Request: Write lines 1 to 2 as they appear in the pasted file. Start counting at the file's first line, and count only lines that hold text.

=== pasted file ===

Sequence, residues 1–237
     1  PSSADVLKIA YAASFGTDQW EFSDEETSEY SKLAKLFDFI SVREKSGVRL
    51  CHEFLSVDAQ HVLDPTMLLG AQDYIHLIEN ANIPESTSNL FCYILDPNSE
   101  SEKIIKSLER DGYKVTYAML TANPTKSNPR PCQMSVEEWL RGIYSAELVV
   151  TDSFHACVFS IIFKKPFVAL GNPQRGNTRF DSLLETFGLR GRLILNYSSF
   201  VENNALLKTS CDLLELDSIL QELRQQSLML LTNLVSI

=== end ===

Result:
Sequence, residues 1–237
     1  PSSADVLKIA YAASFGTDQW EFSDEETSEY SKLAKLFDFI SVREKSGVRL